Written by: Julia Zeh
Edited by: Ashley Koo
Along the grassy ocean floors and the valleys of Yellowstone National Park there exists a landscape of fear. Although this phrase conjures up the image of a horror movie, the landscape of fear is really an ecological phenomenon involving fear’s relationship to natural predator-prey relationships. This important phenomenon is produced by apex, or top, predators, like sharks and wolves.
When one member of an ecosystem is impacted, naturally the entire ecosystem feels its effects. These impacts take the form of something called a trophic cascade. The word ‘trophic’ refers to a process related to feeding or nutrition, so a trophic cascade is a trickle down, or up, effect on a food chain. Changes in the population size of a certain species can cause an increase or decrease in another population of another species because of the connections created between different groups of organisms by their predator-prey relationships. Trophic cascades are an indirect result of predation, so even top predators can indirectly influence plants. Each group of organisms is kept in check by every other group with which it comes into contact, either directly or indirectly.
A landscape of fear is a trophic cascade. When it occurs, the mere presence of top predators can influence animal behavior and thus entire ecosystem dynamics.
This landscape of fear phenomenon has been witnessed in Yellowstone National Park with the return of the wolves. In the 1920s, the last of the Yellowstone wolf population was completely eliminated. In the 1990s, however, the decision was made to reintroduce wolves to Yellowstone. With the wolves back in the park, it was believed that the entire ecosystem would be healthier.
By the time the wolves returned to Yellowstone, the plant populations had been drastically decreased. A trophic cascade had occurred. With the loss of the wolves, the elk population – the wolves’ primary prey – had exploded. In consequence to the sudden increase in elk, plant populations suffered a huge blow. This impacted populations of aspen trees in particular, which the elk would graze on before the trees could grow particularly tall. Once the wolves returned, however, the elk population was back in check and the aspen population also normalized.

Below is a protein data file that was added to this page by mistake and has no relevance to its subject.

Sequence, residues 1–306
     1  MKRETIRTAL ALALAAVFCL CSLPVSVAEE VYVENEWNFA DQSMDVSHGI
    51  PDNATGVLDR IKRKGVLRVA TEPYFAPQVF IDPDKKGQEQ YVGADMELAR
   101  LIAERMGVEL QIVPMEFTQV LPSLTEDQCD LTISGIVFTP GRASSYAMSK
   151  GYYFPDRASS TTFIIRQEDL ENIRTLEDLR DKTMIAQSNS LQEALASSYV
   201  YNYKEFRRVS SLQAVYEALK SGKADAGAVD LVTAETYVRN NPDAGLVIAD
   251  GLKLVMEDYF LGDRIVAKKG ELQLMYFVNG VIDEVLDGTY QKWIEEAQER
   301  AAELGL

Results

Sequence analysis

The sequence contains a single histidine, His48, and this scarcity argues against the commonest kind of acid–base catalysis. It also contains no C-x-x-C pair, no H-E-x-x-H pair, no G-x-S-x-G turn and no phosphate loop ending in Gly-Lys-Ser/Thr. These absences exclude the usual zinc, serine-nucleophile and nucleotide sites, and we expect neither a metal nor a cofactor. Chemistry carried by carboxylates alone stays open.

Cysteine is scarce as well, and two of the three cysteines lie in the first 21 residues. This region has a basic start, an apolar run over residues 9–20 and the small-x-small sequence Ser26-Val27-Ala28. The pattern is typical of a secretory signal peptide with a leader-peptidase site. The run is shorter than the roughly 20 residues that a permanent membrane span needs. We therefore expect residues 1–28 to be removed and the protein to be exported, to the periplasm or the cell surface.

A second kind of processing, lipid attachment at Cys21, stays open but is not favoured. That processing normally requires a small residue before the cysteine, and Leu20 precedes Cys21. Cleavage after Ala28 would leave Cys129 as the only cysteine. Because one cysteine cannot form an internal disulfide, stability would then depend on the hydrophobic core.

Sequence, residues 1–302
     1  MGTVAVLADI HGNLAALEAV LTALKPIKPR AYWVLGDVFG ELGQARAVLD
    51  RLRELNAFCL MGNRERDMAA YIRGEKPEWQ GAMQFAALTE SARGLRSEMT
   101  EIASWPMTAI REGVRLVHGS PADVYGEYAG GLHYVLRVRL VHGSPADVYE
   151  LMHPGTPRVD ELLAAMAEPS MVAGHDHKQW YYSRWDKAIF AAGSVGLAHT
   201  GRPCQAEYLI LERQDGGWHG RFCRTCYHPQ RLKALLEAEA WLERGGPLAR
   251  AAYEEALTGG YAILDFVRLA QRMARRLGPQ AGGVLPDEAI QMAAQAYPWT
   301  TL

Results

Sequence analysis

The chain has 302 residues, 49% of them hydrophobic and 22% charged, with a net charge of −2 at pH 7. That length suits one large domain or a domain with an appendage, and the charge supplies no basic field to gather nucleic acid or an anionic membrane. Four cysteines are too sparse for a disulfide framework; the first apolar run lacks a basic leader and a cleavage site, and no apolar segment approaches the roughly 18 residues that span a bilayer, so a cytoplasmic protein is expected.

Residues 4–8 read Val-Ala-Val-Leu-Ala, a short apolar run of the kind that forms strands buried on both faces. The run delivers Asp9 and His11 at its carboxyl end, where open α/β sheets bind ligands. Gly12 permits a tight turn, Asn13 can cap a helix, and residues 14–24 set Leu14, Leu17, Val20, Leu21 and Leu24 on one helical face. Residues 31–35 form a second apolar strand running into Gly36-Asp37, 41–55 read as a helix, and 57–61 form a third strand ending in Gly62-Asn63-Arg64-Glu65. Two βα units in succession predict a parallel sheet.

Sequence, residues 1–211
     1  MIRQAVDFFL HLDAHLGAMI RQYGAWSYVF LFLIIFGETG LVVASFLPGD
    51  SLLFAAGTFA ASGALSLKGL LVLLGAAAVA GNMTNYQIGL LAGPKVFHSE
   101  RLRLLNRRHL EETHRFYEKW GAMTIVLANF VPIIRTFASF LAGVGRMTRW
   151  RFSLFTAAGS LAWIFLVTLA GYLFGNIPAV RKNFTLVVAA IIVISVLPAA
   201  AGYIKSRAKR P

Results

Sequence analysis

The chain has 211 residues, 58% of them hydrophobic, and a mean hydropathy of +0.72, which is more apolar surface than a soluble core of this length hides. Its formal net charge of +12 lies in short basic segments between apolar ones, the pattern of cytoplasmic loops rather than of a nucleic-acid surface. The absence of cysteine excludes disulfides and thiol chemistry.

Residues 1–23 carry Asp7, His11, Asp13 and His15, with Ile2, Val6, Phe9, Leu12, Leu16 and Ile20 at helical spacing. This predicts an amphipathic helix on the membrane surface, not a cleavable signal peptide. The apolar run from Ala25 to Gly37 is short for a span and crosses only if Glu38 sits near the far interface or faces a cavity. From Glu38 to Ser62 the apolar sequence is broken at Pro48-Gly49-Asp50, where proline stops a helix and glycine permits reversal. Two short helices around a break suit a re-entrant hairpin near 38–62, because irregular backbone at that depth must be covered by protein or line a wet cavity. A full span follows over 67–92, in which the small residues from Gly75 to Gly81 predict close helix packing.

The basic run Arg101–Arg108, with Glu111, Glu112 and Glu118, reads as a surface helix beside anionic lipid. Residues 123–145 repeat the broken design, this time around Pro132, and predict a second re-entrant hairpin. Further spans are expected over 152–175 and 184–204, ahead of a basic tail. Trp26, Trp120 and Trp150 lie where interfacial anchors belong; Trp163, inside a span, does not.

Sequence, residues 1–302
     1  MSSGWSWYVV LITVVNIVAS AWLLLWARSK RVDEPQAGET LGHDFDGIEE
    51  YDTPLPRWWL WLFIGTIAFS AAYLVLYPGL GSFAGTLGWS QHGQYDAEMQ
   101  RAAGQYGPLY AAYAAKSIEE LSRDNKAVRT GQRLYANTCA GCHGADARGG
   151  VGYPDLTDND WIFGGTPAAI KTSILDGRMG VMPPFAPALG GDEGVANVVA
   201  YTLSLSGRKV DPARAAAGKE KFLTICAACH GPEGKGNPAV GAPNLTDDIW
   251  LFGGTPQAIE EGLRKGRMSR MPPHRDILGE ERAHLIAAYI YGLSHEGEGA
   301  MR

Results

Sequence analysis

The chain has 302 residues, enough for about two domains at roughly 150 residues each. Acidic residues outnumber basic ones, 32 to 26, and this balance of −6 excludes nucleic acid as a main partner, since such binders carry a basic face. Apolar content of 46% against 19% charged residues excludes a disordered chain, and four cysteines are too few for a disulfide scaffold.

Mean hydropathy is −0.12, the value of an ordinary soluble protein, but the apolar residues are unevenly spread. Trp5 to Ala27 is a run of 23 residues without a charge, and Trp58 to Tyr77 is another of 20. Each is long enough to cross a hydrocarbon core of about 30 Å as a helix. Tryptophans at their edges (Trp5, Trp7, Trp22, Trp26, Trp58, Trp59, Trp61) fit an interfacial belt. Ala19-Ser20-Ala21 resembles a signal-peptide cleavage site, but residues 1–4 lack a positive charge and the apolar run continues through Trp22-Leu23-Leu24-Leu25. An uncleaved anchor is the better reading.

But direct predation wasn’t the only impact of the wolves; wolves also changed the behavior of the elk. The elk were spending more time in flat areas to graze and far less time in riskier areas that would be harder to escape if wolves showed up. Trees and shrubs could grow considerably larger in these places because the elk that would normally consume them before they could grow very tall were now avoiding the areas. Entire ecosystems that rely on larger plants were revived in the areas the elk considered risky, all because of an atmosphere of fear induced by the presence of wolves in the area.
Interestingly, a landscape of fear is also produced by tiger sharks and can cause a change in behavior of dugongs.
Dugongs and tiger sharks live together off the coast of Australia, exhibiting a typical predator-prey relationship. Dugongs are large marine mammals, the Australian and East Asian equivalent of the American manatee, and are preyed on by large tiger sharks. Affectionately nicknamed sea cows, they graze on, and thus seriously impact the populations of, seagrass that grows along the ocean floor.
Just like the elk, the dugongs adapt their behavior to the presence of predators, taking less risks in where they feed, and thus impacting the plant populations of the ecosystem. When sharks are present, dugongs overuse the seagrass in deeper areas which have less seagrass for them to consume. The potential for food is higher in shallow areas, but so is the potential for a shark attack. This is particularly important in determining how seagrass population structure may be drastically impacted, though indirectly, by the tiger shark population.
As we observe more of the relationships between and behaviors of organisms, we continue deciphering the interrelatedness of the natural world. Whole ecosystems are influenced through trophic cascades, which can occur through fear induced behavioral changes. The landscape of fear is not just a fascinating aspect of animal behavior and ecology (and a name that would excite anybody, regardless of their science background), it also has enormously important conservation implications.
The landscape of fear, along with other ecological phenomena, demonstrates the multitude of connections among different forms of life on earth. The ecological phenomenon reminds us just how cautious we as humans need to be as the ones who have huge impacts on other organisms. If humans eliminate or even just displace or decrease one small population of species lower on the food chain, the effects on countless other organisms can be catastrophic.
Humans have already had a fatal impact on tiger sharks, which are threatened, and wolves, which are endangered. The predators themselves are at risk, and thus entire ecosystems in which the predators have important influences on population sizes and behaviors are too. Each living thing is an important component of a bigger web that spans the globe, and damage to one part damages the whole.